In the deep sea, creatures give off their own light. But bottom-dwelling animals don't bioluminesce, or give off as much light as creatures floating in the water column at similar depths, according to a new study.
Duke biologist Sonke Johnsen and his collaborators collected species of starfish, sea cucumbers, brittle stars, sea lilies, crustaceans, octopi, coral, sea pens, anemones, sponges, and one sea worm from three ocean-bottom sites near the Bahamas using the Johnson-Sea-Link submersible during a 2009 research cruise.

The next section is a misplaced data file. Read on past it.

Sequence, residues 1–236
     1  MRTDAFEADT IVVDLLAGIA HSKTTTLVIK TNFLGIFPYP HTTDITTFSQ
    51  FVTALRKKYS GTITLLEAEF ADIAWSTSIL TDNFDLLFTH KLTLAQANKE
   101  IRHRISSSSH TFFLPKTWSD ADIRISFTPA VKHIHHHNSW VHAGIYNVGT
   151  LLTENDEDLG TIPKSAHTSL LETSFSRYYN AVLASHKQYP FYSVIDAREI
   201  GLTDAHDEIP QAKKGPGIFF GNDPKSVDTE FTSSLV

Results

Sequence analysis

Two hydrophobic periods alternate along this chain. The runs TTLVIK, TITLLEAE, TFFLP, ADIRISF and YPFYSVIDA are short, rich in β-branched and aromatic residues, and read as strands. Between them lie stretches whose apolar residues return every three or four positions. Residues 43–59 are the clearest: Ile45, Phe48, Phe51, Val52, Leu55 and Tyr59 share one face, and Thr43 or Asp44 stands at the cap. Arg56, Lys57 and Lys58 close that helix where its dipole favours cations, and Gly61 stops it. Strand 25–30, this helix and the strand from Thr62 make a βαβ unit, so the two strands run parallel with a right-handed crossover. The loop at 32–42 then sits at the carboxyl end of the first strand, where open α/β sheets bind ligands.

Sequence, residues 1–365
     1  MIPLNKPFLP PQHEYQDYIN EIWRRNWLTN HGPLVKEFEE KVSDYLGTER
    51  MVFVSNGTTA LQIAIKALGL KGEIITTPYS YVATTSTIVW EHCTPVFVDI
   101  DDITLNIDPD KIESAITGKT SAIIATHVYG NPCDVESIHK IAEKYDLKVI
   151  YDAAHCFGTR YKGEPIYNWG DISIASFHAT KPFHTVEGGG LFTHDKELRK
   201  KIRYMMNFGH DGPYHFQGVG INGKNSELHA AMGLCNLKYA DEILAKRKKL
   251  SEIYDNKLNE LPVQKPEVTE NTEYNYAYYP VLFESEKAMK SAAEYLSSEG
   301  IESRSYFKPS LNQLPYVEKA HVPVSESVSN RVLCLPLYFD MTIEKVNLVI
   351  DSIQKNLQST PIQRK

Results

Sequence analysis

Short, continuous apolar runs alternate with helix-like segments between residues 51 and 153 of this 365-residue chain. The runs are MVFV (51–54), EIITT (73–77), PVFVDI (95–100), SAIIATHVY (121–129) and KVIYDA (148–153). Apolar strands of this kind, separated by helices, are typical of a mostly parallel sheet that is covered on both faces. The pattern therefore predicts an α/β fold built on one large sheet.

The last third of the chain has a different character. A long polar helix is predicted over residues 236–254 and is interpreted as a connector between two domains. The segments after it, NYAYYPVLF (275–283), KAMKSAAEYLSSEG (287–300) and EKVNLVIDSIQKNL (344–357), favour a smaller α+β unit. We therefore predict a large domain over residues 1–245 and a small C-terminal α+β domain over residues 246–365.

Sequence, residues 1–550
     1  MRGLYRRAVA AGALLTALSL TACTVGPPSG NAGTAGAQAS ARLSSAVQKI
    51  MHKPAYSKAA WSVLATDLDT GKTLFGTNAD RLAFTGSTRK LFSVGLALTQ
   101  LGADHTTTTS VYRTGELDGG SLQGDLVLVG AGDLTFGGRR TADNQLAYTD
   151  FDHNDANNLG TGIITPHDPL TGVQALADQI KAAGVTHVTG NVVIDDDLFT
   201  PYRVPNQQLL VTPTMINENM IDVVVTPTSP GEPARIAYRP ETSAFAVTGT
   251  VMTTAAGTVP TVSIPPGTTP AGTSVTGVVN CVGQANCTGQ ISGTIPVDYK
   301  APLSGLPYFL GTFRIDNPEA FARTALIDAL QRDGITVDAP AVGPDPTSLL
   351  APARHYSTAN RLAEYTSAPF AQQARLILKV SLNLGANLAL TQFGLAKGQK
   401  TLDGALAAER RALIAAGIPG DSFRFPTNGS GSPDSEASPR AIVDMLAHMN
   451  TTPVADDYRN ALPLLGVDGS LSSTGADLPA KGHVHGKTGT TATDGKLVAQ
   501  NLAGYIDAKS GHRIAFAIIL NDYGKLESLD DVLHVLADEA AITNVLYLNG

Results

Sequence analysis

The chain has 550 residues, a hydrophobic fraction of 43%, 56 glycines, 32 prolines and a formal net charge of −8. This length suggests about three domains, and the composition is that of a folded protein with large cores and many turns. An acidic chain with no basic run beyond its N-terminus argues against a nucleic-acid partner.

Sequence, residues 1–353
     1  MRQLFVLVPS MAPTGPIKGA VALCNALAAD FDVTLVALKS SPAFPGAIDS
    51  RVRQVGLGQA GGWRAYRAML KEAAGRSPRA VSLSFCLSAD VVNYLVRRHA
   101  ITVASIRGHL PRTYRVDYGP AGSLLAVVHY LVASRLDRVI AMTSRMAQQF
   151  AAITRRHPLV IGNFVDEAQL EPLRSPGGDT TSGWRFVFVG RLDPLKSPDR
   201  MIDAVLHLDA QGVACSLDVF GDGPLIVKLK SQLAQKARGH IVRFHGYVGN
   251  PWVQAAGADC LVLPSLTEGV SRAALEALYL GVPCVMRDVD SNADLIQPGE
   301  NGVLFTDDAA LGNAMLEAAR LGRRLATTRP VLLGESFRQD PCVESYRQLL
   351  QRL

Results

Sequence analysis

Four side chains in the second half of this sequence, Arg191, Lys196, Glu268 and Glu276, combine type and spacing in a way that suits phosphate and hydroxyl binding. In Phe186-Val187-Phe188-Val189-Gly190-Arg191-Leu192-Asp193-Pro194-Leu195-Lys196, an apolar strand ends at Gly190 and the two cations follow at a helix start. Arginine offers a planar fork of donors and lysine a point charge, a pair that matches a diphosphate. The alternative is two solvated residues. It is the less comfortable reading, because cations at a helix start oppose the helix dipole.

On board a ship, the scientists stimulated the animals with lights and chemicals to see which ones gave off their own light and photographed the results. Surprisingly, less than 20 percent of the collected creatures glowed, and most gave off light in greener wavelengths, compared to species that live at the same depths but don't live on the sea bottom.
The observations, which the team describes in the Sept. 6 Journal of Experimental Biology, also suggest that the bioluminescence happening at these sites comes primarily from plankton that glow after bumping into filter feeders protruding into their path.
Citation: Light and vision in the deep-sea benthos II: Bioluminescence at 500-1000 m depth in the Bahamian Islands. Johnsen, S., et. al. (2012). Journal of Experimental Biology.